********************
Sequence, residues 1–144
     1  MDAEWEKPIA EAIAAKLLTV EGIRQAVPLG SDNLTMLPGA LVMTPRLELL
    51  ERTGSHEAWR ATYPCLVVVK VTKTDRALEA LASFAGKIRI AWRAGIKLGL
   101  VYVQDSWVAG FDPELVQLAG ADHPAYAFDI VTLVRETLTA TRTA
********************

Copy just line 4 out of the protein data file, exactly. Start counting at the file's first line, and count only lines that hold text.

   101  VYVQDSWVAG FDPELVQLAG ADHPAYAFDI VTLVRETLTA TRTA